5. I enjoyed both of the lectures presented by the Turkish visitors. Halime’s lecture was especially interesting because of the focus on calligraphy in graphic design. Since calligraphy is the highest art form in many cultures, it seems important to me for us to learn something about it. Especially in the context of graphic design. The assignment they did where they invented an imaginary typeface was interesting as well. It gave them a chance to play with letterforms without them having any literal meaning.


  6. I found the presentations to be interesting and inspiring. It was very cool to see the work of designers, espesially from other countries. It was a good experience to see what is happening in design over in Turkey. Some of there works were very different as they focused of calligrafic forms and text, while some pieces hade a simmilar feel to what we are used to seeing.


  7. I went to see both the returning students and the Turkish visitors. Both of these lectures were very helpful, but in differant ways. The returning students explained what the graphic design field is really like. I found myself a bit overwhelmed with how competitive it is, but at least I know what I am getting myself into. The Turkish visitors also proved to be quite interesting. It put a spin on the way I typically viewed graphic design. I really enjoyed how abstract the art that was shown was.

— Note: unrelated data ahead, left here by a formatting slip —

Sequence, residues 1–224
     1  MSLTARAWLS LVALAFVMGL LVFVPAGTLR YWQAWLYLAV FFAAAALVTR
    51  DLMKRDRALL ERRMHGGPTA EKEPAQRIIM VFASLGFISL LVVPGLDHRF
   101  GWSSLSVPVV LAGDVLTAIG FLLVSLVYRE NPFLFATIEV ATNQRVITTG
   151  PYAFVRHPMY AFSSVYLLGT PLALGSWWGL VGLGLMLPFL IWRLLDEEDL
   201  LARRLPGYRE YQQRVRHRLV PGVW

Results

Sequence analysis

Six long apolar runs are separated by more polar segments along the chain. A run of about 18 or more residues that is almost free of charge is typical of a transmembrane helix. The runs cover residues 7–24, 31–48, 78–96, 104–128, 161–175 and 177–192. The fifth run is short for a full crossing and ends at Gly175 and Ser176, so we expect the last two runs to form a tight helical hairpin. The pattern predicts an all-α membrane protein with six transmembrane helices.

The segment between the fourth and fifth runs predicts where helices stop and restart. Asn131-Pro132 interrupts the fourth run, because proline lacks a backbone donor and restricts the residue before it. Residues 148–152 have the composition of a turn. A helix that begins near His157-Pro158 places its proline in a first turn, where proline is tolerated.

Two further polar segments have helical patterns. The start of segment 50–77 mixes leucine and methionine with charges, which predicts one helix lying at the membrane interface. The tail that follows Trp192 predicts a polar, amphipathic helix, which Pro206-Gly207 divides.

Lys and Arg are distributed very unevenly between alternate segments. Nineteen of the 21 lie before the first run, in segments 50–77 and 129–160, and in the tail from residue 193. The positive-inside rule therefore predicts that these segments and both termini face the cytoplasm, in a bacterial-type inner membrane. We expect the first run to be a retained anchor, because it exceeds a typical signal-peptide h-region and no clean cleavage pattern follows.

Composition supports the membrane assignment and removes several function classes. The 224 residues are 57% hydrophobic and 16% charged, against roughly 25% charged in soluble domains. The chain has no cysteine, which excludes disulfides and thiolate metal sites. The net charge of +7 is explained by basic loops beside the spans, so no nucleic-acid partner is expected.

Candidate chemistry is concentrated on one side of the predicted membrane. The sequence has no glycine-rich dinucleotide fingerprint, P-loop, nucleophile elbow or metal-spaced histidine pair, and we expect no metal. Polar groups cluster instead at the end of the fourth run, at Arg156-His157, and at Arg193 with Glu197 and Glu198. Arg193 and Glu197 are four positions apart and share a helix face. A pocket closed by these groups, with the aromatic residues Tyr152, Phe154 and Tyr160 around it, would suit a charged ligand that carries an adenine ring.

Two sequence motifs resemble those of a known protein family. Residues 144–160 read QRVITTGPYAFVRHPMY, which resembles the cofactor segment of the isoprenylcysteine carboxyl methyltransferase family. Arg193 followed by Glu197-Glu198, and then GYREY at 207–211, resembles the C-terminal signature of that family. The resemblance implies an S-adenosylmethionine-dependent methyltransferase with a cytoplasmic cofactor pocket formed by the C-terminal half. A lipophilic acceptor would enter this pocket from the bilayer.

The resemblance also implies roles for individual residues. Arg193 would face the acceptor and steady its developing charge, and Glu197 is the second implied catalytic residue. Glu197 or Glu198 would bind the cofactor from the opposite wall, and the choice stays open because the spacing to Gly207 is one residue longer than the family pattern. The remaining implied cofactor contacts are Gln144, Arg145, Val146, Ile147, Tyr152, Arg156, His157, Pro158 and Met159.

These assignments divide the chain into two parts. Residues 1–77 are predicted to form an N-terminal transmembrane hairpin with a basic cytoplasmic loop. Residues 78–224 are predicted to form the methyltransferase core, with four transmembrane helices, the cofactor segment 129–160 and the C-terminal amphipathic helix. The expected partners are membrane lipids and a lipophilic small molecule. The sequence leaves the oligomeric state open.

8. I went to the lecture on the snow day.
    I thought it was all very well put together, minus the technical difficulties. I found it surprisingly obvious that we are working on projects so similar to students across the world. I could see typography being used so beautifully in the student work. And since their characters are just completely different to begin with, a whole new dimension ends up being created. What I found particularly interesting was just the concept that these kids are over in Turkey creating their artwork, and gd work, and everything else that they do, not thinking for a moment that it is odd. While we are over here doing the same thing. You dont really juxtapose the two elements until we are offered such an experience as having our foreign guests come throw a little culture our way. I believe this was a fantastic oppoturnity and it was nice to learn from different professors of the arts/.


  9. I was also at the snow day lecture. Although the Turkish visitors briefly visited our class, it wasn’t until the Tweed presentation that I really got a chance to see the differences in our cultures and how they were expressed through art. I was especially grateful when they showed actual student works from their school. One of the biggest differences that I found that contrasted their student works with our own was the heavy influence of caligraphy in their work. It was also a real treat that they were willing to share some of their own design work with us, and I hope they enjoyed their time with us.
    I also attended the panel of former UMD students. This particular presentation was especially helpful becuase it gave me an idea of what to expect upon graduation. I was especially interested in the examples of work that they created in their time here at UMD. In their own way, both lectures were valuable experiences that have influenced the way I view Graphic Design.